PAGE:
A little more than a year ago I left behind my family, my friends and my job in Reno. I did this because Chungdahm April Language Academy offered me work teaching English in Korea. Here’s what happened.
Return to the United States
“그레하운드 장류정에 가야 해요.”
I was standing at the airport in San Francisco when I uttered my first words on American soil in more than a year. Unfortunately for my cabbie, the quotation above is what came out.
“Sorry,” I said. “Please take me to the Greyhound bus stop.”
I took my seat in the back of the comically large Ford sedan. Had Crown Victorias seemed so ridiculous before Korea, I asked myself. And what about these people, I wondered. They look so butch, so ludicrously tough guy. The cab pulled to a stop and the driver asked me for $38, or about four times what I’d grown accustomed to paying cabs in Korea.
I got out and went inside the bus stop. The jet lag came at me in waves. I had to find rest, I had to piss. The friendly lady with green eyelashes and heavily greased hair pointed me to the restroom. On my way I walked past homeless Vietnam veterans and gangsters with vacant stares, dirty jackets and missing teeth. I held my valuables closely and planned escape routes. You should not be here with two suitcases, a laptop computer and an expensive looking button down shirt, I thought.
Filled with the experience of culture shock in my own native land, I ducked into the bathroom thinking I could sit in one of the stalls and get myself oriented. It was a good thought, but someone had taken a dump on the floor and the shit spread out through the bathroom like the world’s smelliest Gustav Klimt painting. I’d wait to take that piss.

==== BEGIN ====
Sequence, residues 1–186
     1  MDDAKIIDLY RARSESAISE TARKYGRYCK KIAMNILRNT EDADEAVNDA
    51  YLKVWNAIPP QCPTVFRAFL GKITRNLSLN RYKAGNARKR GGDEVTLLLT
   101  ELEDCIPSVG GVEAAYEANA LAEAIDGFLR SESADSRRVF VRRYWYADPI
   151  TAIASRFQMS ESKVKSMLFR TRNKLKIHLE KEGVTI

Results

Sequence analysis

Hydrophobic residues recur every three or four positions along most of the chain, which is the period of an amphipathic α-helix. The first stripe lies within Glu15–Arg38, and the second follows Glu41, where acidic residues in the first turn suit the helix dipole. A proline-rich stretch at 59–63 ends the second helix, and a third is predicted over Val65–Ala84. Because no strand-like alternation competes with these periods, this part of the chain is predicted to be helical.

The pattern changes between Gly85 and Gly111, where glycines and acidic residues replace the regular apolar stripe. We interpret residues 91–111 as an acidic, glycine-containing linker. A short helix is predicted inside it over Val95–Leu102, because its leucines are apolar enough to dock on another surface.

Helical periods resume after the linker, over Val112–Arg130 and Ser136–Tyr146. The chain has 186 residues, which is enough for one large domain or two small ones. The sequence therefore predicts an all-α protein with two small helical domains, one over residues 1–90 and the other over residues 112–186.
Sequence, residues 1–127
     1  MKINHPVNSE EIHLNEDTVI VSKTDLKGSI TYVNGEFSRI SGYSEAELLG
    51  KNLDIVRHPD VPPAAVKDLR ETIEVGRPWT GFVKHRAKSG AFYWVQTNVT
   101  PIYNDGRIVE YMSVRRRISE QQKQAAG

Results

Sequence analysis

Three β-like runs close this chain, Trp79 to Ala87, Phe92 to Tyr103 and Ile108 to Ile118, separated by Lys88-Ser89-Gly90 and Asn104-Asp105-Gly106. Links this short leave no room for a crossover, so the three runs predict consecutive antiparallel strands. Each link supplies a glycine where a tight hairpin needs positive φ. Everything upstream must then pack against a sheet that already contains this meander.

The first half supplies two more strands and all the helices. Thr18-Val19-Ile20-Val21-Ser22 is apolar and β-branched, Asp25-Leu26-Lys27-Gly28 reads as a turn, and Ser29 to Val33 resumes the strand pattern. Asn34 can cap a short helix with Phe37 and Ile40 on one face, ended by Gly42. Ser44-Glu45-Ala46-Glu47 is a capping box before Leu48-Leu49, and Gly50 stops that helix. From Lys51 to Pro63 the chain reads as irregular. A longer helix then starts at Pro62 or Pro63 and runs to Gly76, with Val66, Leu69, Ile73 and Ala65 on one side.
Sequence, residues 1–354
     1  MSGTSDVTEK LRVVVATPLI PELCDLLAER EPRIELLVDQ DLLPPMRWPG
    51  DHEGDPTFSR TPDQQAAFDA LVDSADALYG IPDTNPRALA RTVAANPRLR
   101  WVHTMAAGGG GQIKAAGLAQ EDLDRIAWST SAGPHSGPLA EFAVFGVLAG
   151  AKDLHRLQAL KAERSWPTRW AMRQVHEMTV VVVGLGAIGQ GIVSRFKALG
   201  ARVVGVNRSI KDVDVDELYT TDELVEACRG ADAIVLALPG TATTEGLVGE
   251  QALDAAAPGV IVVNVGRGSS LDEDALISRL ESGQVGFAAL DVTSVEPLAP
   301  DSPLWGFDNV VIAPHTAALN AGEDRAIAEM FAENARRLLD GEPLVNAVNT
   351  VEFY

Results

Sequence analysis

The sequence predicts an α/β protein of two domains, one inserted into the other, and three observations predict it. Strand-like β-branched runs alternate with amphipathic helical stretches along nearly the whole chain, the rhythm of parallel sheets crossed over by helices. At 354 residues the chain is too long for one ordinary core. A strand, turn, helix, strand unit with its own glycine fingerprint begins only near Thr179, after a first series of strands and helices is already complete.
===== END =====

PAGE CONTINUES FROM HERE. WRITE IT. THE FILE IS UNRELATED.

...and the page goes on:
I’m not being fair to San Francisco of course. I didn’t have a car and I was using public transportation which, if we’re honest, is primarily used by weirdoes and druggies in the US. I was seeing the worst of the Bay Area, but none of that made the reunion any less intimidating to me. It wasn’t Daegu, Korea anymore. I couldn’t behave in the way I’d become accustomed over the last year.
As I waited for my bus to arrive I drank three cups of coffee and started reading Dante’s Inferno. I finished the first few cantos in which Dante loses his way and is compelled to cross into the alien lands of hell. That’s when the strangest realization of my adult life hit me. America didn’t feel as much like home as Korea did.
Leaving San Francisco on the Greyhound bus I slowly re-oriented myself to America. The people who all drive cars to work and speak English, the fact I had to tip at restaurants, the weirdness of handing merchants money with both hands. It was then I reflected on how, in one year, Korea had supplanted so much of the culture I spent my first 24 years immersed in. I looked out the window, went blank and ignored the smelly people talking loudly at the back of the bus.
Dear Korea, I thought. Thank you for giving me freedom. For that year all the things expected of a young man in Nevada melted away. In that far away land the people expected me to be nothing except different from them, and it that, they offered me the freedom to make Ben Garrido into whatever I wanted. Perhaps that, even more than the friends and the students and the easy life, is why I felt like I had left my real home behind when I crossed east over Donner Summit.
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